Note: This novel was WINNER of the Georg Buchner Prize, the most prestigious book prize in Germany, in 2004. Author Wilhelm Genazino is also WINNER of the Kleist Prize for German Literature in 2007, and the Kassel Literary Prize for Grotesque Humor in 2013. This novel is his only book translated into English.
“I have this sensation that people like me should be told to either disappear or else get remodeled like the old buildings. This sensation is connected with another feeling I often have, namely that I’m here in this world without any inner authorization. Strictly speaking, I’m still waiting for someone to ask me whether I really want to be here. I imagine how nice it would be if I could grant myself this permission, let’s say this afternoon.” –Unnamed speaker, as he walks around Frankfurt.
The Shoe Tester of Frankfurt by German author Wilhelm Genazino begins as an existential investigation by a self-conscious 46-year-old man into who he is and why he behaves as he does. His hypersensitive observations about the world around him show a man who “hardly thinks at all anymore—I only look round and about.” The unnamed speaker has been working for seven years as a “shoe tester,” a man who walks around Frankfurt testing quality shoes for a manufacturer and then reviewing them. The speaker enjoys this job, as his walking gives him unlimited opportunity to muse about his life, observe people from the past with whom he has had relationships, reminisce about their mutual experiences, and contemplate “the collective peculiarity of all life.”
While he walks, he thinks about his childhood, his failed relationship with Lisa, with whom he has lived for several years, and his lack of professional motivation, and the reader observes him as he has an afternoon interlude with his hairdresser, begins a new relationship, meets a friend who is a failed photographer, gets a drastic cut in salary, and begins work as a vendor in a flea market. He believes that universities should offer courses in “Comparative Guilt Studies,” and he often makes ponderous statements, noting that “The only truly important people are the ones who have been able to fuse their individual knowledge with their positions in life,” and “People love when they’re no longer running away…”
All this introspection might become tedious were it not for the fact that the author also highlights the ironies and absurdities of the speaker’s life, which build, until, ironically, at a cocktail party, he spontaneously tells someone that he works for the imaginary Institute for Memory Arts and provides “experience sessions” for clients. His life and his mood begin to change, and when he sees a friend in dire circumstances, which might have mirrored his own, he finally begins to believe that “I no longer have the desire to scrutinize myself. I’m no longer waiting for the outside world to finally fit my inner texts! I’ve stopped being the blind passenger of my own life.” He has reached the end of this phase of his philosophical and psychological journey and has come to new understandings, no longer someone who willfully closes his eyes to the world but one who looks around and begins to recognize his connections with the rest of humanity.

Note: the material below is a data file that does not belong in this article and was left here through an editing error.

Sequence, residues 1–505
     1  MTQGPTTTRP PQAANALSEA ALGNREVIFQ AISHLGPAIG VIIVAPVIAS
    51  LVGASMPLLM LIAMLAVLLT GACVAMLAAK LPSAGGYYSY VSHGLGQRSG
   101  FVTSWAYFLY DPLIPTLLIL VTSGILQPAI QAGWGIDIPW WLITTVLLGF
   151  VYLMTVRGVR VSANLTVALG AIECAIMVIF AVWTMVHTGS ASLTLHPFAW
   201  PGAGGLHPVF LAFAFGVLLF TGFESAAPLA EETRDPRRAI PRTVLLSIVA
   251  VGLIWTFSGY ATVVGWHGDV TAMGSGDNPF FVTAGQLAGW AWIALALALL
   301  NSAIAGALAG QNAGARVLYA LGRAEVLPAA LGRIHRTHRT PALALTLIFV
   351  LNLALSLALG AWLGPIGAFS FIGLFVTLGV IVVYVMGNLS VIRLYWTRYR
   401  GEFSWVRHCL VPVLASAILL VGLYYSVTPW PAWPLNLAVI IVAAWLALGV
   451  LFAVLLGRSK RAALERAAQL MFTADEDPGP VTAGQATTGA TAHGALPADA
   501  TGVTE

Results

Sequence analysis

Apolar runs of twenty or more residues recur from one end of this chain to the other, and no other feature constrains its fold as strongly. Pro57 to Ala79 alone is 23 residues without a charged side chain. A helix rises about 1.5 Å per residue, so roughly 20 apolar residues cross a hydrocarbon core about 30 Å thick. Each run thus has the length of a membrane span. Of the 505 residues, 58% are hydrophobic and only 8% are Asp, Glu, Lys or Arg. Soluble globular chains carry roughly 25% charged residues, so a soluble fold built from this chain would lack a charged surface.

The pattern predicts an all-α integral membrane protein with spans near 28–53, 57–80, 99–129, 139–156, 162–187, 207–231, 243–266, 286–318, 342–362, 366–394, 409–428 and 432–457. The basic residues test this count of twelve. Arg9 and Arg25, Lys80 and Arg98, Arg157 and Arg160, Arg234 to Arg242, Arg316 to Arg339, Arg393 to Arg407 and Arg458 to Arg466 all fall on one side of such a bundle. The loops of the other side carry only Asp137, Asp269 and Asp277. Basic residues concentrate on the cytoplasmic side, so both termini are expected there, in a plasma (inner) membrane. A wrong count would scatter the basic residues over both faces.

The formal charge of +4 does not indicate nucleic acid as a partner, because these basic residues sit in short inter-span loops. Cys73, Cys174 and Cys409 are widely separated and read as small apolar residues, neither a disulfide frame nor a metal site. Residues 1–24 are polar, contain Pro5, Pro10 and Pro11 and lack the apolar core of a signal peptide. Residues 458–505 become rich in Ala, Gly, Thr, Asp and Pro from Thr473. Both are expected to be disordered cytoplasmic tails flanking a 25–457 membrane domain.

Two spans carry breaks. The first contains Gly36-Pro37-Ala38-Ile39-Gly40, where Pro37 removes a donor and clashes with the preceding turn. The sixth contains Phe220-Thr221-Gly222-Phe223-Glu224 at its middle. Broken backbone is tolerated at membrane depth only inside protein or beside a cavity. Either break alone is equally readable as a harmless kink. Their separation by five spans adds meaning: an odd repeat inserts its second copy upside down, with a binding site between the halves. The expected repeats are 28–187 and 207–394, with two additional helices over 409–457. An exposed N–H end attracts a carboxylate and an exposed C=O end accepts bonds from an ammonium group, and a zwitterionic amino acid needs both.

The author’s dry, tongue-in-cheek humor keeps the novel from imploding under its own weight, while the conclusion offers an upbeat future. Slow to start, the novel evolves into a delightful exploration of one man’s memories and his halting steps toward a new life. The author’s offbeat observations of life, his sense of irony, and his witty appreciation of absurdity evolve in the second half of the book, and these qualities ground the speaker’s new understanding of himself in reality and change the mood from melancholy to peaceful acceptance, if not joy. Published by New Directions, which is noted for its publication of experimental fiction and literature from Europe, the novel was translated by Philip Boehm, who manages to preserve subtleties of the speaker’s thoughts while, at the same time, preserving the weirdness of some of the speaker’s observations without his appearing insane or ridiculous. Short, witty, and with something to say, Genazino’s novel is great fun for a summer day.
Photos, in order: The author’s photo appears on http://www.welt.de/
An early shoe tester is found on https://www.exploratorium.edu/
The speaker found a job at the Frankfurt flea market, one of the best in Europe. http://www.frankfurt-tourismus.de/en/Media/Attraktionen/Shopping/Frankfurt-Flea-Market